Film contest aims to build B.C. industry capacity amidst escalating inter-provincial talent warsSix local teams preparing for 'daunting' eight-day production blitz
As B.C.'s film industry struggles to keep its talent in the face of Ontario's aggressive film tax credits and the impending return to B.C. of the PST, the local industry has again thrown its weight behind a film competition geared at "seeding" the next generation of B.C. filmmakers.
Now in its 14th year, Crazy8s is a short-film competition that provides finalists with $1,000 plus equipment and other industry "in-kind" support to produce their project in an eight-day production blitz.
"Our mandate is to support the development of new talent in the province," said Diana Wilson, who co-produces the competition. "We're about not just supporting directors to tell stories, but also bringing together the whole film community to support that. So we like to see the building of capacity in the industry in general."
A year ago, Ontario's aggressive film incentives helped the province displace B.C. as Canada's largest film jurisdiction. Notably, B.C.'s 2011 domestic film spending shrank to a near decade low of $209 million while Ontario's surged by 32% to $852 million – the result, in part, according to the industry, of the Ontario-bound brain drain.
While the numbers aren't in yet for 2012, Liz Shorten, spokeswoman for the B.C. branch of the Canadian Media Production Association, said B.C.'s domestic film industry is doing "a little bit better" than last year, with a "modest increase" in dramatic TV series being produced.
But Shorten said B.C.filmmakers are still struggling with film incentive gaps compared with other jurisdictions and in light of the April 1 return to the PST.
Against that backdrop, she said Crazy8s is playing a key role in "seeding the next generation" of B.C. filmmakers.
"Whether it's in the directing position, the writing position or the producing position, this competition really gives folks a calling card to showcase what they can do," Shorten said.
The six finalist teams, announced earlier this month (see sidebar), are working feverishly to prepare for an eight-day filming blitz starting February 8.
"It's daunting," said Patrick Currie, the writer and producer of "dark comedy revenge action movie" Stewing, in partnership with director Sean Tyson.
Currie said he's already busy with production meetings and working with a production mentor; Tyson said he's been planning a "very large chase scene" downtown through Robson Square.
"I've been doing site surveys, taking detailed photos from all different angles, trying to figure out where I can put my camera, how I can construct my chase sequence," Tyson told Business in Vancouver last week.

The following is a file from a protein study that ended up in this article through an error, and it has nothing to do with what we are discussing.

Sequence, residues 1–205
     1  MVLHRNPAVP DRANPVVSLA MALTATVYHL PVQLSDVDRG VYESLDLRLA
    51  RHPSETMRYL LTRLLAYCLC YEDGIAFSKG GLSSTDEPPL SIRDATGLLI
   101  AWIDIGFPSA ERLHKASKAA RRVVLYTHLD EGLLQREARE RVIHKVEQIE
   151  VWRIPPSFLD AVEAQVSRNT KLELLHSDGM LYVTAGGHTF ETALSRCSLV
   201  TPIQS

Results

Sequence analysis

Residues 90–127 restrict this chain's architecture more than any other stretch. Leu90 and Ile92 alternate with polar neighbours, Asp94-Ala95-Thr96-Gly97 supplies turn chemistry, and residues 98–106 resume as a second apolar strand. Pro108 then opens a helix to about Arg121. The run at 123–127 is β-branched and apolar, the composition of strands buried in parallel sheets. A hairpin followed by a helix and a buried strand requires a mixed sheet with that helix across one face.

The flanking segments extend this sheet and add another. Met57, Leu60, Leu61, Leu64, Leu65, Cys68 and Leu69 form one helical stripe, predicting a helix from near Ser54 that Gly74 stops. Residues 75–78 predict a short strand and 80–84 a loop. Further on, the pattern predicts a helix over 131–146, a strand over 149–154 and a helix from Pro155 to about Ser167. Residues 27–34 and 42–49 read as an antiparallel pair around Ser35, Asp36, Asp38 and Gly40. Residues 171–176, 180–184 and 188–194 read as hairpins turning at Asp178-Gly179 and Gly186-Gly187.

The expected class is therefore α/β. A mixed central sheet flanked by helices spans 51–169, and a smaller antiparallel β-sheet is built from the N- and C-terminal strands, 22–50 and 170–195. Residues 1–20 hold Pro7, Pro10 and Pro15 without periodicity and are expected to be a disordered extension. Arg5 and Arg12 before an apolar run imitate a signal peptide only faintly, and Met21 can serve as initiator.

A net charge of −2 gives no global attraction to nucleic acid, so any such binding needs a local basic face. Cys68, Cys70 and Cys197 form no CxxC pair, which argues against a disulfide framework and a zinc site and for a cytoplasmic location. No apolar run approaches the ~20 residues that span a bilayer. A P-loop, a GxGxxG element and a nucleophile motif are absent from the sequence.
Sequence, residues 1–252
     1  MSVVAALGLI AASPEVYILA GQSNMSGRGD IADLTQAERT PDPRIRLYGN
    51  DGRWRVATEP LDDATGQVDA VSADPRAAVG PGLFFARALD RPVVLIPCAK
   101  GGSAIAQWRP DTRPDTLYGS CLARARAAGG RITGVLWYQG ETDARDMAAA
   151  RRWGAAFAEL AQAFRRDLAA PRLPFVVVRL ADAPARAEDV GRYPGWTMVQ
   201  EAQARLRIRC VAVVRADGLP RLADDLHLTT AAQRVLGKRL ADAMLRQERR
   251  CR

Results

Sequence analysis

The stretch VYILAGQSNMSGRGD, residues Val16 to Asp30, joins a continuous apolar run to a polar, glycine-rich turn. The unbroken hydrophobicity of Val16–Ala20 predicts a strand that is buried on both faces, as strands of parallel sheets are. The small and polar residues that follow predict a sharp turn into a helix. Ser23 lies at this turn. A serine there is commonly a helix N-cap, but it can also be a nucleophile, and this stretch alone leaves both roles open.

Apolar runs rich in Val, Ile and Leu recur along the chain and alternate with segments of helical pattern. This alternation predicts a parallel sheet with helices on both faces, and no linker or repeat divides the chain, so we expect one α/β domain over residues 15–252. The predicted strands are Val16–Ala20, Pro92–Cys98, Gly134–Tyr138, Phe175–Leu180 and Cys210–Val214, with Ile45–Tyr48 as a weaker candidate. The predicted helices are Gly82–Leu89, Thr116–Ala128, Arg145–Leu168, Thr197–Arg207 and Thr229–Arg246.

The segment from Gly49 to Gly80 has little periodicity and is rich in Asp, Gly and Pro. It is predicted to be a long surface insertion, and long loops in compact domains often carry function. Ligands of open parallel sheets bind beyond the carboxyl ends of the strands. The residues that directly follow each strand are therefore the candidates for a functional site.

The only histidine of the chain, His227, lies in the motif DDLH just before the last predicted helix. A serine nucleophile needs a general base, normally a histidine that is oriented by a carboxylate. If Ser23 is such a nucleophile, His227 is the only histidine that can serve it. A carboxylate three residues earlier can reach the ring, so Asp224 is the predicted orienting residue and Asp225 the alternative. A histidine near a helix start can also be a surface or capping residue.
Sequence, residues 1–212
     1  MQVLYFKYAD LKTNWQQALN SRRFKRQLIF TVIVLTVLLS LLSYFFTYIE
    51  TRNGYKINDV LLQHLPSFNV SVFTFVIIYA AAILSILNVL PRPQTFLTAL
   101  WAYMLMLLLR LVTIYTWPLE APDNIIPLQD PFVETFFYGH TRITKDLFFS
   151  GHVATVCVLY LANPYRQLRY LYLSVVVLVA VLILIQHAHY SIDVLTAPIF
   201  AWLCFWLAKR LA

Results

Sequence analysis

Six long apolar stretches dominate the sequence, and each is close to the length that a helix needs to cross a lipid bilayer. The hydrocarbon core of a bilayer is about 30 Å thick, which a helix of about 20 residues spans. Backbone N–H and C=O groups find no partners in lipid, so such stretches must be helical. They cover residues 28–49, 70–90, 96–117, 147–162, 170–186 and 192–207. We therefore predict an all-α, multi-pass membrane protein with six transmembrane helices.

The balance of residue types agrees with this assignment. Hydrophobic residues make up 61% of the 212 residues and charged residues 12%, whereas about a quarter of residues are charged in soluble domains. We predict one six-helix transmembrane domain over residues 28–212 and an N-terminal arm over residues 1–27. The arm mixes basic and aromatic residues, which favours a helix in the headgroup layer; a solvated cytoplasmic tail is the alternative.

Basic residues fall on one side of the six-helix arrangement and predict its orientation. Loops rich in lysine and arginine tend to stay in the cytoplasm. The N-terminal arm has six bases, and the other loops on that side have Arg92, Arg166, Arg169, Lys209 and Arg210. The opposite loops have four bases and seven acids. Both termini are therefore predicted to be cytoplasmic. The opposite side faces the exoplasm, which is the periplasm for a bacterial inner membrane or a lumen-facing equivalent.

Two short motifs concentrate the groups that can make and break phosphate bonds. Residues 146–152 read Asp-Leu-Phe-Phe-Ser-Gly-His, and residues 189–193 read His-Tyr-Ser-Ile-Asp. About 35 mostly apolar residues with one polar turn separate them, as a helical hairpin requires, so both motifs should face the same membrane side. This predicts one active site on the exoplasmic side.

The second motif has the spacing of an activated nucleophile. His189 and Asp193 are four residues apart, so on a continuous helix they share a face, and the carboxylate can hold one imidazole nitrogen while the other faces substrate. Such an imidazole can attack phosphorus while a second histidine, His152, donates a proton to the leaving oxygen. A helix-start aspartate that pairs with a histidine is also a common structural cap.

Crazy8s finalist Mackenzie Gray, the writer and director of "homage to film noir" Under the Bridge of Fear, said he's already cast his project and begun read-throughs.
"I'll save my time shooting by preplanning," he said. "You have to be super organized to shoot it in eight days."
Like the other finalists, Gray's ambitions for his film don't stop at the Crazy8s February 23 gala screening. "I want to take it to Telefilmand see if I can make a feature," he said.
2013 Crazy8s finalist films
Under the Bridge of Fear
Writer/director: Mackenzie Gray
In this homage to the great film noir thrillers of the 1940s and '50s, hard-boiled private eye Hamilton Drake is hired to chase down the rat who's blackmailing rich dame Georgia Thurlow and her sultry movie star companion, Carrall Cordova. But in this sapphic underworld, nothing is ever black and white.
Writer: Patrick Currie
Director: Sean Tyson
Danny's over Jake, but that doesn't mean that Jake's over Danny. Six months after their breakup, Jake finally gets the call he's been waiting for: Danny needs him to come over. But when Jake discovers all his ex really needs is a dogsitter, mayhem ensues. A dark comedy revenge action movie about kicking ass, letting go and moving on.
Writer/director: Matt Leaf
In a dystopian near-future where controversy rages over the legitimacy of using memory-extraction technology on victims of violent crime, the race is on to decipher Phillip's final memories. A science fiction short with a dark sarcastic edge, Braindamage imagines a future where our minds are no longer our own.
Writers: Christopher Lee and Ryan Haneman
Director: Ryan Haneman
A quirk of evolution has caused men to begin having periods, and Peter cannot believe his misfortune. While trying to devise the perfect male hygiene product, he must simultaneously deal with unsympathetic doctors, a heartless girlfriend and overly emotional buddies. An unapologetic role-reversal comedy.
Writer: Orsy Szabó
Director: Nimisha Mukerji
Jodi's mother passed away from cancer five years ago, and since then, her father has pretty well stopped living as well. Arriving unannounced on his doorstep one day, and with shattering news of her own to share, Jodi is determined they both make the most of the time left to them.
When I Saw You
Writer/director: Jane Hancock
A playful riff on the value of human connection, When I Saw You gives voice to the "missed connections" ads written by people who wish they were brave enough to speak up and take chances. In a world of missed opportunities, mixed signals and the fear of appearing vulnerable, will anyone be bold enough to start the conversation?